Coastal Redwood tree - Sequoia sempervirens

The main claim to fame for the Coastal Redwood (also called the California Redwood) is that it is the tallest tree species in the world, with the tallest actual tree being 379 feet tall. This tree species should not be confused with the Giant Sequoia, which is the largest (by volume) tree species in the world. Both the Coastal Redwood and the Giant Sequoia are native to the Pacific coast of North American in California and Oregon.

The seed cone of the Coastal redwood is quite a bit smaller than its Giant Sequoia counterpart measuring about 2 cm long (just under one inch). The cone has a similar look to those of the Cypress Sempervirens.

The "leaves" of the Coastal Redwood are very different from those of the Giant Sequoia. They are needle-like and flat, measuring about half an inch long. The branch structure can be clearly seen in the image below.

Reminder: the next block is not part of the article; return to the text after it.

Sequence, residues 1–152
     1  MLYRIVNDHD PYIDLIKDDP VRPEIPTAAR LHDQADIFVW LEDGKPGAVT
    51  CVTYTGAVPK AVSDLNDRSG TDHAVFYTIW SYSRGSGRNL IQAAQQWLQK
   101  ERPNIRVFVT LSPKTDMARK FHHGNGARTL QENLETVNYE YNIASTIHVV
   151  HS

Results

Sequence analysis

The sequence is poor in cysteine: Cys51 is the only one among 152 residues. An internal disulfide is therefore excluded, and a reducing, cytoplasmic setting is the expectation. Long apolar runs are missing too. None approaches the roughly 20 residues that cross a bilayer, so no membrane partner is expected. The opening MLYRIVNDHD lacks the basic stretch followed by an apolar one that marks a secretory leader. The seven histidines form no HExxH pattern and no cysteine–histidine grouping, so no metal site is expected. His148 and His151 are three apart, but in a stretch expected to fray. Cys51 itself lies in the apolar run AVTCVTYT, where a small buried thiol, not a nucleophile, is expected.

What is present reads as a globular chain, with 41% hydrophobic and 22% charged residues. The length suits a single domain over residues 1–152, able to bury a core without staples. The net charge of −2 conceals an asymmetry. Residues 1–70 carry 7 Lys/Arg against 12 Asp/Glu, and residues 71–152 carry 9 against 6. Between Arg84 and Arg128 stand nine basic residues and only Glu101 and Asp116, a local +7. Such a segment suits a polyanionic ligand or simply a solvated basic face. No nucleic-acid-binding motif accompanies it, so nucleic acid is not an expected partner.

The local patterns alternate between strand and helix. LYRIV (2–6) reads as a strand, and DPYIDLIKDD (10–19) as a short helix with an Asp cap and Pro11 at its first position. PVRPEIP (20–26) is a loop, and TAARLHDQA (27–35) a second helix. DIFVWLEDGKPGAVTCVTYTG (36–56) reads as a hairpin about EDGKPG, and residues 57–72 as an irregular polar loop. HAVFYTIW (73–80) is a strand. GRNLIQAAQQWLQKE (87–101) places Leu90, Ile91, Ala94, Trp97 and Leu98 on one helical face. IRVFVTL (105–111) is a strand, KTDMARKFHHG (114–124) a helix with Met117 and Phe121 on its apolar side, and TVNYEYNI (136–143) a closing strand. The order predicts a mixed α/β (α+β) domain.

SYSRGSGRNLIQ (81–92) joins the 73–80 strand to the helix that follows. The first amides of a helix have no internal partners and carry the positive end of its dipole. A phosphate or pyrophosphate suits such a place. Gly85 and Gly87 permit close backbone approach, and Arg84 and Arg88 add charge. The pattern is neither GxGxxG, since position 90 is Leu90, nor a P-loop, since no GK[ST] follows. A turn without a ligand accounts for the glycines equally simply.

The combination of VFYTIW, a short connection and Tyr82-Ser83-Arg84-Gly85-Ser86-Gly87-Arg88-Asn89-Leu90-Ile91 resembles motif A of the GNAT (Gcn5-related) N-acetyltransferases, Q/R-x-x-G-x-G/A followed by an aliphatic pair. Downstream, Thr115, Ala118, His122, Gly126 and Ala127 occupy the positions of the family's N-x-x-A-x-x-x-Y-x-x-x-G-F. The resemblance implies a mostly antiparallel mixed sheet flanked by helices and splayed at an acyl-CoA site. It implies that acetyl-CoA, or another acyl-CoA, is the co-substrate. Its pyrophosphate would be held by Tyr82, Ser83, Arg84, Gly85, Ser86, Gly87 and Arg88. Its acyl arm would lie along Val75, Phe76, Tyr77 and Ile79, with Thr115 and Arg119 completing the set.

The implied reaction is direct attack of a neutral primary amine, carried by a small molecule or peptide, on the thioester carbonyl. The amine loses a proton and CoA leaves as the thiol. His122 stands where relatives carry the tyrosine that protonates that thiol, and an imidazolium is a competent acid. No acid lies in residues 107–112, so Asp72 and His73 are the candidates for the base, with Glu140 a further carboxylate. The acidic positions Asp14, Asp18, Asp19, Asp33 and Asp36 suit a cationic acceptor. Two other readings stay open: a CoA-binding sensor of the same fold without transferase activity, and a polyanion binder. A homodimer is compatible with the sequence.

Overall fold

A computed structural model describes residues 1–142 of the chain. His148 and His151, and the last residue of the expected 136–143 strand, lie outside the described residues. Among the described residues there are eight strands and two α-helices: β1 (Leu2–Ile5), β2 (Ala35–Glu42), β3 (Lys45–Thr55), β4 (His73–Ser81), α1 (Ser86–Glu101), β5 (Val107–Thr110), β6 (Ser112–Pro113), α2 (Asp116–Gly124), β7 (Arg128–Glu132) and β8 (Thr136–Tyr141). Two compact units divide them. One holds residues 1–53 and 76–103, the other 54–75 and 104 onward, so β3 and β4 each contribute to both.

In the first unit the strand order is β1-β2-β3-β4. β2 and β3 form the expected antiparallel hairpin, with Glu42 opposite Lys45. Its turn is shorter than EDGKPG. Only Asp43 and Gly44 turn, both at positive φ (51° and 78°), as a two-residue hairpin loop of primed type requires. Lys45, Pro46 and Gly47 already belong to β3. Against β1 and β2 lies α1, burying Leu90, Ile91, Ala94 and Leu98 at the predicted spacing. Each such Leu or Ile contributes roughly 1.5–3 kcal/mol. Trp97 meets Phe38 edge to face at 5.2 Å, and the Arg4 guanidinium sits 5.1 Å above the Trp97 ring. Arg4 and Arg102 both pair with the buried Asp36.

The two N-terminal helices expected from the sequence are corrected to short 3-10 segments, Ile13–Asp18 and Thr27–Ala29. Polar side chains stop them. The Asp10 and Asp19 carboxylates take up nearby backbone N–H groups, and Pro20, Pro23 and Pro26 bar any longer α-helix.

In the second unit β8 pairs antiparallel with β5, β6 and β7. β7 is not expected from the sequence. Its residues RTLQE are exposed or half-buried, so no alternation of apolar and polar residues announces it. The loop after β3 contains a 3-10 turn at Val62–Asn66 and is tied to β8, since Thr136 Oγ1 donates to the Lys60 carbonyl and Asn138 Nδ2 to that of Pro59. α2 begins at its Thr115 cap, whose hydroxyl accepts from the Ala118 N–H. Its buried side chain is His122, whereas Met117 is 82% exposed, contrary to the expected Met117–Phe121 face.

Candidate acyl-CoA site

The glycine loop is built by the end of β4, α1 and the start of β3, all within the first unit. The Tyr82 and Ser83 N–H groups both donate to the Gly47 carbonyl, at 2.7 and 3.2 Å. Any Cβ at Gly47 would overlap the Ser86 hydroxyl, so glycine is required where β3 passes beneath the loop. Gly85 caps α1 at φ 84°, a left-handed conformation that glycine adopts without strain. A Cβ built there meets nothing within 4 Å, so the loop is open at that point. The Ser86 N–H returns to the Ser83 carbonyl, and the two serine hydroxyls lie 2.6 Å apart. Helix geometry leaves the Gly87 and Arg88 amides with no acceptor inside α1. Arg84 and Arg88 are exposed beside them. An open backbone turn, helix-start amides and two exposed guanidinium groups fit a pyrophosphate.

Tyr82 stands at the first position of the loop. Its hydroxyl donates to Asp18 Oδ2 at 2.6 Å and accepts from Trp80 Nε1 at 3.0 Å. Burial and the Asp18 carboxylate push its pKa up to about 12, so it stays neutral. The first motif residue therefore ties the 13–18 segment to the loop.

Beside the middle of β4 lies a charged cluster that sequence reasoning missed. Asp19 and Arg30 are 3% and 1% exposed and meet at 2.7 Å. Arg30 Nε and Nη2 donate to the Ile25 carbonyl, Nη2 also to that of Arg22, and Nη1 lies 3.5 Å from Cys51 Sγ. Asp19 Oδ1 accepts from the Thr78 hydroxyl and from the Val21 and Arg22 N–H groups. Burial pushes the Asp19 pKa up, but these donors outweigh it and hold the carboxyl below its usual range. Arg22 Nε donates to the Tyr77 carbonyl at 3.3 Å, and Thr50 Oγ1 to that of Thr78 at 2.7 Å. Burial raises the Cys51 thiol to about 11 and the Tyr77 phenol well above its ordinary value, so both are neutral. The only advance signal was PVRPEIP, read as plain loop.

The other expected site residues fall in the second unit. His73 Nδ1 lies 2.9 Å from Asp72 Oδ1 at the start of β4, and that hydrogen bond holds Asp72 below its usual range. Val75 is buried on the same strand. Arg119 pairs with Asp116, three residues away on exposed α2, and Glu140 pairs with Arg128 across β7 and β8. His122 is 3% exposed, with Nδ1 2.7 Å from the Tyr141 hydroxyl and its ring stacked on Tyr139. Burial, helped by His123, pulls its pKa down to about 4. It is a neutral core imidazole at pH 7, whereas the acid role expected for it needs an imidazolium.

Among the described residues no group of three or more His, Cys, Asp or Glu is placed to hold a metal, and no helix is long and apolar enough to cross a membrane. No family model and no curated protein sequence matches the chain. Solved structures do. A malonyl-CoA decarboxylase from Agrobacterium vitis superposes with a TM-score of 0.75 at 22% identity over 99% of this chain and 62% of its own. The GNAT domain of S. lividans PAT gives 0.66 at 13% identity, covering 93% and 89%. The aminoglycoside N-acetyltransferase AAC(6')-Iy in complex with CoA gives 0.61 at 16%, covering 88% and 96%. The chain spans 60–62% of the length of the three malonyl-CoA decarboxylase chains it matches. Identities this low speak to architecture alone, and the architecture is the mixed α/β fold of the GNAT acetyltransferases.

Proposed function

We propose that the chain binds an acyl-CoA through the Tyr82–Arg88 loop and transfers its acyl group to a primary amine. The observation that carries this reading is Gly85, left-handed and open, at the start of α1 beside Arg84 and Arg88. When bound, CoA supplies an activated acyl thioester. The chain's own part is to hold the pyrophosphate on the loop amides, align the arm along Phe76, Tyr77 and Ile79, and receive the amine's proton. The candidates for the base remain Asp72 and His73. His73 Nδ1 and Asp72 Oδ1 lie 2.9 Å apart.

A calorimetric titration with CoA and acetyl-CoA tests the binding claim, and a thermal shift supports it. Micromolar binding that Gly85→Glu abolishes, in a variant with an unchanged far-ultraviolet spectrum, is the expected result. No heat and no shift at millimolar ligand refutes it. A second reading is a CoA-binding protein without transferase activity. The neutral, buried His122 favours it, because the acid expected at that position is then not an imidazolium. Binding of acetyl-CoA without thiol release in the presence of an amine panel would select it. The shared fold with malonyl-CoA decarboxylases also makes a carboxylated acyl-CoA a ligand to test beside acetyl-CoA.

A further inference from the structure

The bark of the California Redwood is quite thick, has a reddish color and quite fibrous.


  1. Hello Dan from Spain.

    I happened to land-upon your blog page for redwoods.

    Here is a redwood page I put together, that you might enjoy, seeing how you like trees:

    Redwoods: Atlas Grove & Grove of Titans

    Just in case you don't ever get to see them - and very few people have seen these.


    M. D. Vaden of Oregon
    Beaverton, Oregon, USA

  2. Hello,
    I see from your fantastic blog that you know quite a lot about trees. So maybe you could please tell me the name of the last tree (with the campanula like flowers)on my blogg. It would be very nice to know the name since I like this tree very much! I found it in Buenos Aires, Argentina. /Ruben

  3. The last tree in your post is a Lacebark Kurrajong (Brachychiton Populneus) which is native to Australia.

  4. Thanks for putting up a picture of the foliage, i waded through 10 pages of pictures of trunks, fog, timber etc, looking for leaves!